Male Vanity: The New Industry

Cosmetic surgeon Grant Hamlet, with patient Matt, age 39 (no surname given) marked up ready for 'six-pack' surgery - liposuction procedure known as Vaser Hi-Def Lipo Sculpture. The procedure, for upper body, is approx £12,000 UK pounds, which included sucking fat from the stomach, 'love-handles, back, and arms, to give a 'sculpted' look, with the muscles more clearly defined. Grant Hamlet has a medical practice in Harley Street, London. Photo by Zed Nelson

Cosmetic surgeon Grant Hamlet, with patient Matt, age 39 (no surname given) marked up ready for 'six-pack' surgery - liposuction procedure known as Vaser Hi-Def Lipo Sculpture. The procedure, for upper body, is approx £12,000 UK pounds, which included sucking fat from the stomach, 'love-handles, back, and arms, to give a 'sculpted' look, with the muscles more clearly defined. Grant Hamlet has a medical practice in Harley Street, London. Photo by Zed Nelson

From the Greek myth of Narcissus to classical Greek and Roman sculptures, male vanity has historically been present in many forms. Grecians created myths to signify their ideologies and concerns; Narcissus was a man so beautiful that when he saw his reflection he fell in love with his own image. This ancient story warned that this self-obsession led to his demise. We are witnessing a pronounced shift in modern society. A new expression of the male gender is developing. A commercially driven modern culture is demanding the same ideals in men that historically have been demanded of women. The beauty industry has found a new group of consumers to target, and the more insecure the better.

As society becomes more consumed with an almost pathological obsession with youth and beauty, people have drifted away from the shame and secrecy associated with plastic surgery. Tom Cruise’s rhinoplasty and Michael Douglas’ facelift are just two examples of actors openly admitting to cosmetic procedures they have undergone. The American Society for Aesthetic Plastic Surgery says the number of cosmetic procedures performed on men increased 243 percent from 1997 to 2005, and non-surgical cosmetic procedures increased 749 percent.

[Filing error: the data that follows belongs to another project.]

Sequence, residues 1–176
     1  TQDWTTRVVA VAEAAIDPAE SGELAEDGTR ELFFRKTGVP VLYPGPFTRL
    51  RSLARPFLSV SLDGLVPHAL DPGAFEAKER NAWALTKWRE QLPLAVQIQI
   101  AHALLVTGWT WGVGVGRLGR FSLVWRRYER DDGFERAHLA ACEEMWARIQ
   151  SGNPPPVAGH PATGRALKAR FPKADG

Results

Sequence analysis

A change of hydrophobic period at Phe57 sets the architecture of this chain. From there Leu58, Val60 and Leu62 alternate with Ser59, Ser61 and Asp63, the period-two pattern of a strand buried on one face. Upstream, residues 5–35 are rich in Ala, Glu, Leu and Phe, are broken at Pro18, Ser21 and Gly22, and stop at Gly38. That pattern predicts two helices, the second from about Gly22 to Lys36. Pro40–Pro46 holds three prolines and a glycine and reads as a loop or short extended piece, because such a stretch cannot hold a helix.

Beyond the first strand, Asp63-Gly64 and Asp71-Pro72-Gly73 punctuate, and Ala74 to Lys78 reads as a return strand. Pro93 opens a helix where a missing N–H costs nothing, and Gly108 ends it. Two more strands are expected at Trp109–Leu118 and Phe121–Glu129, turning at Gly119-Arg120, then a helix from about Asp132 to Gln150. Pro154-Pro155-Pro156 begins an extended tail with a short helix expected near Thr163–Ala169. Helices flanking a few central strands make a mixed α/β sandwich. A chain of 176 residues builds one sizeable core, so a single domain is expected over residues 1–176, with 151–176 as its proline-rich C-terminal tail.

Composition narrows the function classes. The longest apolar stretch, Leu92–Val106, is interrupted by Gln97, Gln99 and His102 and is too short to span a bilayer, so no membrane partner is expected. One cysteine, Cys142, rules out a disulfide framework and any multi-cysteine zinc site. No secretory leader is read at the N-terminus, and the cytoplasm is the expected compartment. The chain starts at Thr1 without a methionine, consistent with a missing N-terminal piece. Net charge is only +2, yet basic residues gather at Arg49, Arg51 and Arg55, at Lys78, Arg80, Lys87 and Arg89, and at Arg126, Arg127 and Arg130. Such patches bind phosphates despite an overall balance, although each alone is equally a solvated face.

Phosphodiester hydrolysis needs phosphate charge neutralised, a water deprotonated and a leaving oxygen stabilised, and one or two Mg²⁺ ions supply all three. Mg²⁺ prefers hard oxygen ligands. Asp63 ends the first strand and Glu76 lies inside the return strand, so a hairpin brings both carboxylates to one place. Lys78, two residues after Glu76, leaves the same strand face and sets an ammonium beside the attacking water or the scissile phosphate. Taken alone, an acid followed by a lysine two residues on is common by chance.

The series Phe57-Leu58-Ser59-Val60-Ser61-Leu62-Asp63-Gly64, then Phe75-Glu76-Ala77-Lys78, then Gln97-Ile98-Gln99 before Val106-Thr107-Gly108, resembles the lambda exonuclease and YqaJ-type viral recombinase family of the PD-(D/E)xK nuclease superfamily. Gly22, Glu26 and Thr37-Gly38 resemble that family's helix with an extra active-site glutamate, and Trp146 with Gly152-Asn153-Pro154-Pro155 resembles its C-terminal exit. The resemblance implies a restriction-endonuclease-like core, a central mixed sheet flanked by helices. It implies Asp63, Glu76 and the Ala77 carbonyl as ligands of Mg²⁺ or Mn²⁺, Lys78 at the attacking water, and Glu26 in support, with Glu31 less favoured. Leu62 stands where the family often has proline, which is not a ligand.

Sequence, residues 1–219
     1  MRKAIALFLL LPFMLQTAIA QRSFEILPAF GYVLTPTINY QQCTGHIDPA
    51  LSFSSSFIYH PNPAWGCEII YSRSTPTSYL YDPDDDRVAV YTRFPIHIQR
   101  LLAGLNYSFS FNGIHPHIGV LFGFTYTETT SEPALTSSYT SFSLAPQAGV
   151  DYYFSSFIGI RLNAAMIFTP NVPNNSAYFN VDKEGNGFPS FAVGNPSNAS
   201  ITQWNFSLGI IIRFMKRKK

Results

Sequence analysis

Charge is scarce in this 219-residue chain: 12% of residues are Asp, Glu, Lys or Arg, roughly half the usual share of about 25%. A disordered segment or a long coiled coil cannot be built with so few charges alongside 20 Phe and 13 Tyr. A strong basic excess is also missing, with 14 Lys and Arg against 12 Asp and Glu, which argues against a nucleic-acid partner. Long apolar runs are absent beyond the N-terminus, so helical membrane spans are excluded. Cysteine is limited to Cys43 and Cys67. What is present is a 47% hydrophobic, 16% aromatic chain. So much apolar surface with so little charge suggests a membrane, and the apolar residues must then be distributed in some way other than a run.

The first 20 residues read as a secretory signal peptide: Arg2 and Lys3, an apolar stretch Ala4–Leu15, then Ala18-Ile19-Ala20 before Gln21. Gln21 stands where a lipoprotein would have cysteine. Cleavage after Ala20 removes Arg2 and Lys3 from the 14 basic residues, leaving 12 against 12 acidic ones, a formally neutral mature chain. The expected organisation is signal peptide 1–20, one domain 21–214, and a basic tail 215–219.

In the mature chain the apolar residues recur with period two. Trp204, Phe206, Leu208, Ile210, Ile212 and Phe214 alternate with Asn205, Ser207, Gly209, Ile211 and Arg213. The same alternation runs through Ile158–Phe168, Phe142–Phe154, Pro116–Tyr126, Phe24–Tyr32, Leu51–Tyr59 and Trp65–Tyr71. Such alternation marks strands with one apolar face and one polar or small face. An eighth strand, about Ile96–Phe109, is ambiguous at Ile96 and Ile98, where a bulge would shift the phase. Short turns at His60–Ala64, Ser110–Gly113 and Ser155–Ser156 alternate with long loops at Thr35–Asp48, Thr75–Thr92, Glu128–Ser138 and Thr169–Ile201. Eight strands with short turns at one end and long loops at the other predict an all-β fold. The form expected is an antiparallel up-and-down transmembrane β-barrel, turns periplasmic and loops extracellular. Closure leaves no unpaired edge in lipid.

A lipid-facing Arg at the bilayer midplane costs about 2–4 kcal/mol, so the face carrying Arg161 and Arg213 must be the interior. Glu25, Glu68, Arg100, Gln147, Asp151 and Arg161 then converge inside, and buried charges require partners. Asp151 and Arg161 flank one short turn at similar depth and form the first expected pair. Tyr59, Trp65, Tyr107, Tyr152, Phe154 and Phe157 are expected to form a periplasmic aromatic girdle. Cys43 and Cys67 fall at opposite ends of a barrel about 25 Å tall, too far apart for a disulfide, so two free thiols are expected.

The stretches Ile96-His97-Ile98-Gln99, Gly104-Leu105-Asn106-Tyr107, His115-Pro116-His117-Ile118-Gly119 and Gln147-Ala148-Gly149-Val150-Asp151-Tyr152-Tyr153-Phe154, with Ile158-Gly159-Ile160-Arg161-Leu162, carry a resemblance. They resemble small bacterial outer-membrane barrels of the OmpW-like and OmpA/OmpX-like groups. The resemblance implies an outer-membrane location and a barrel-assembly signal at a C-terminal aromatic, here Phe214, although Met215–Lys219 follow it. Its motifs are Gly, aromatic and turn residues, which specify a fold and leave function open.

Are we slowly being brainwashed by a profit-hungry industry and image-obsessed media, or are we hard-wired to respond on an aesthetic level? Some studies show that people who are ‘attractive’ are treated better than people deemed ‘average’ or ‘unattractive’. Nancy Etcoff, in her book Survival of the Prettiest, notes that even when a person does not like someone, he or she is still more likely to help the other person if they are attractive. She goes on to say, “The penalty for ugliness might be even greater than the reward for beauty”, citing studies that show attractive men have better opportunities, including greater chances of employment, higher wages, and faster promotions compared with unattractive men.

In the past, the beauty industry targeted women, unsettling them with images of unattainable beauty and demanding that they spend vast sums of money to conform to their airbrushed ideals. Today, industry sights are increasingly being trained on men.

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